BaltimOregon to Maine

Locavore Cooking with Southern Efficiency and Northern Charm

In an (Asparagus) Pickle

with 3 comments

Dilly pickles I boiling-water canned at home

Dilly pickles I boiling-water canned at home

Pickles we low-pasteurize water-bath canned in class

Pickles we low-pasteurize water-bath canned in class

Learning pickling has been my favorite part of the 8-week master food preservation program I’m doing through Oregon State’s extension office. Asparagus are now officially my favorite vegetable to pickle. Make some while the elusive green stalks are still in season this fleeting spring. I made a batch at home this week with local asparagus from Sunbow Farm. Boiling-water canning the pickles for 10 minutes was no problem: all the jars popped, sealed shut, upon removal. But I could have used a few extra hands of help like I’ve gone accustomed to having in our class.

Just about everyone seems interested in canning these days, whether motivated to save money, preserve local produce or simply learn an ancient food art. The New York Times had a big canning feature last week, focusing on Eugenia Bone, author of the new cookbook, Well Preserved. Then NPR features Preserved on its list of the “10 Best Summer Cookbooks.” I’ve never gotten more Facebook comments then when I posted pickling photos from my preservation class. It’s a sign of the times. Now my cousin and I lament the fact my grandmother never taught us to make her curry pickles. But as a kid, I never thought making her pickles or famous raspberry jam would interest me. Yet, here I am.

I tried to recreate the Oregon-made dilly asparagus Pretty Pickles by adding dill seed to my recipe. I also like extra garlic, but I ran out. Add a whole cayenne pepper for spice and colorful effect, if you like. Experiment with any spices you like but don’t mess with the instructions on heating the brine and water-bath processing times. I like that Eugenia Bone’s recipe has that extra garlic. But I used the simple one from my OSU Extension “Pickling Vegetables” booklet (see page 15 for asparagus). What’s your favorite food to pickle?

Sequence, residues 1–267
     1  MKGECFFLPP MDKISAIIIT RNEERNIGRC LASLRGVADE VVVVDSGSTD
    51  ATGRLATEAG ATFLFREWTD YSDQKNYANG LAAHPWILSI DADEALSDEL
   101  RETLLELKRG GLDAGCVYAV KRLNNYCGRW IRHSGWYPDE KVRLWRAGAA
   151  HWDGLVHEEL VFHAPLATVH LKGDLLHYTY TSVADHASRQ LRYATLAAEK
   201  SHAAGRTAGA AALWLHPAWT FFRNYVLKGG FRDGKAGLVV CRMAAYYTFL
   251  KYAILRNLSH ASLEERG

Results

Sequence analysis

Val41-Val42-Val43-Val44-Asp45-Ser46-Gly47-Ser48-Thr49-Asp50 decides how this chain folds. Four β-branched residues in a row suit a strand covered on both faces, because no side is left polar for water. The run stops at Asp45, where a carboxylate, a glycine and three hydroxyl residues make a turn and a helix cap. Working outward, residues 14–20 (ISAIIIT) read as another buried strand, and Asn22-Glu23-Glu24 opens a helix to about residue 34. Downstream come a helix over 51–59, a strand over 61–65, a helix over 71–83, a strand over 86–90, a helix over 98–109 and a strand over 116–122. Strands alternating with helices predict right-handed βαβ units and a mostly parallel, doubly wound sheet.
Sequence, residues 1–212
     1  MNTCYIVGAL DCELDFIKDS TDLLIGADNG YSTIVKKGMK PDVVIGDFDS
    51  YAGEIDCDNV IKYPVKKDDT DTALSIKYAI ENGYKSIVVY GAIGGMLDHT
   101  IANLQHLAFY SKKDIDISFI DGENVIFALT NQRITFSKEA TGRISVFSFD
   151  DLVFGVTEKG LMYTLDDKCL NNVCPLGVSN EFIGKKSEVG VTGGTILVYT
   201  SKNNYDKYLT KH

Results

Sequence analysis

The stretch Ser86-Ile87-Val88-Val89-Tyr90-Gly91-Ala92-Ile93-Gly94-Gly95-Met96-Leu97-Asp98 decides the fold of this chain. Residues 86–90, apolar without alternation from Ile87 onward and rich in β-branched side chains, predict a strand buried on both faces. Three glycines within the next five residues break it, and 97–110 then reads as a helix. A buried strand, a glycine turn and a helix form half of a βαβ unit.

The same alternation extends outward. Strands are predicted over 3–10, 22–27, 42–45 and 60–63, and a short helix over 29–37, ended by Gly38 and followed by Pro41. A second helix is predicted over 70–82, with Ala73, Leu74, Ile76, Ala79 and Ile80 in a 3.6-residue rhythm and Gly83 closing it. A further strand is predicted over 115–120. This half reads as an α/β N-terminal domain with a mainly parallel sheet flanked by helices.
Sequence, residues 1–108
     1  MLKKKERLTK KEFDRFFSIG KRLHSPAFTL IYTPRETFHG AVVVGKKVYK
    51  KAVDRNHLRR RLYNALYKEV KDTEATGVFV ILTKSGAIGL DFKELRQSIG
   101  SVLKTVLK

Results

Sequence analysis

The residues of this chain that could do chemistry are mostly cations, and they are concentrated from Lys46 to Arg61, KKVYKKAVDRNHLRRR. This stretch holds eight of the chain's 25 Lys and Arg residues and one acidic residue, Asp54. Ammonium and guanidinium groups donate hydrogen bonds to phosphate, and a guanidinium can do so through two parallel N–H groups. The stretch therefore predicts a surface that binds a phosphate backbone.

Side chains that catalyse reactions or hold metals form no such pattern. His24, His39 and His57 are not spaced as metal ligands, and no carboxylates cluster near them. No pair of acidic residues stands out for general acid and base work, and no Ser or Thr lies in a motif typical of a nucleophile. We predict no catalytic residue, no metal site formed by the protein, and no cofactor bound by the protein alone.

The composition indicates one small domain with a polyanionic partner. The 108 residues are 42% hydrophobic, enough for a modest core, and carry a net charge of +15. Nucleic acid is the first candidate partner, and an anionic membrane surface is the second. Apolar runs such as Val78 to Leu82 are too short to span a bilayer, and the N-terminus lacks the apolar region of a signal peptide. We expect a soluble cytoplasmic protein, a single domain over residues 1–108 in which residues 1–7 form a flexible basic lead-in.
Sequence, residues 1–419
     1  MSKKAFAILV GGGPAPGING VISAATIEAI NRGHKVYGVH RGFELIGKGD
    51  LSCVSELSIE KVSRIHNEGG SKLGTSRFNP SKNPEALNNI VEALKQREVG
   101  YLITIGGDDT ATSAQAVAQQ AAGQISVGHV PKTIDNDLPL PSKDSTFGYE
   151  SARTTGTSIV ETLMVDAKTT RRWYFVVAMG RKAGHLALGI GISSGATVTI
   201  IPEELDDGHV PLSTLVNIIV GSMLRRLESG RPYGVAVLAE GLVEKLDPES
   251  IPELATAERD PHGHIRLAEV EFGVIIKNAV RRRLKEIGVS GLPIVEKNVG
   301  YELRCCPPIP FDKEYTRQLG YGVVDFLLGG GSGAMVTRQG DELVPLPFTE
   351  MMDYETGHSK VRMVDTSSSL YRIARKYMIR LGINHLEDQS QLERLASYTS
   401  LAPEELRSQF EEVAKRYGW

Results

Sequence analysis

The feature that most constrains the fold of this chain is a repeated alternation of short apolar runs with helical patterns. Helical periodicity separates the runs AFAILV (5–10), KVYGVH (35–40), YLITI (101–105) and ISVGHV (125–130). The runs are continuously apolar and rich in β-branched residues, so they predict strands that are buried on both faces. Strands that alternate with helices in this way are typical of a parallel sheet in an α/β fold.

I will not be pickling eggs, as our teacher did in class. But their pink pickled beet-enhanced color did contrast nicely with the yolks.

Pickled eggs

Pickled eggs

Advertisements

Written by baltimoregon

June 5, 2009 at 12:34 am

3 Responses

Subscribe to comments with RSS.

  1. I pickled asparagus yesterday, not for the first time, and the solution in the jar turned pink after a 10-minute hot bath. The asparagus “petals” did have quite a pink/purple hue so maybe this is what caused it. Any ideas or experience with this?

    I used 50% white vinegar, 50% purified water, kosher salt, hot peppers, garlic, and dill. Same as always.

    mickie

    April 25, 2010 at 8:40 am

    • I’m sure it’s from the purple-hued asparagus. Mine did the same thing. I thought it was kind of pretty to have the colored brine. Doesn’t affect the flavor. The same thing happened with red-hued okra. Happy Pickling!

      baltimoregon

      April 25, 2010 at 10:39 am

    • How did you find my blog? Where are you in Canada?

      baltimoregon

      April 25, 2010 at 10:40 am


Leave a Reply

Fill in your details below or click an icon to log in:

WordPress.com Logo

You are commenting using your WordPress.com account. Log Out / Change )

Twitter picture

You are commenting using your Twitter account. Log Out / Change )

Facebook photo

You are commenting using your Facebook account. Log Out / Change )

Google+ photo

You are commenting using your Google+ account. Log Out / Change )

Connecting to %s

%d bloggers like this: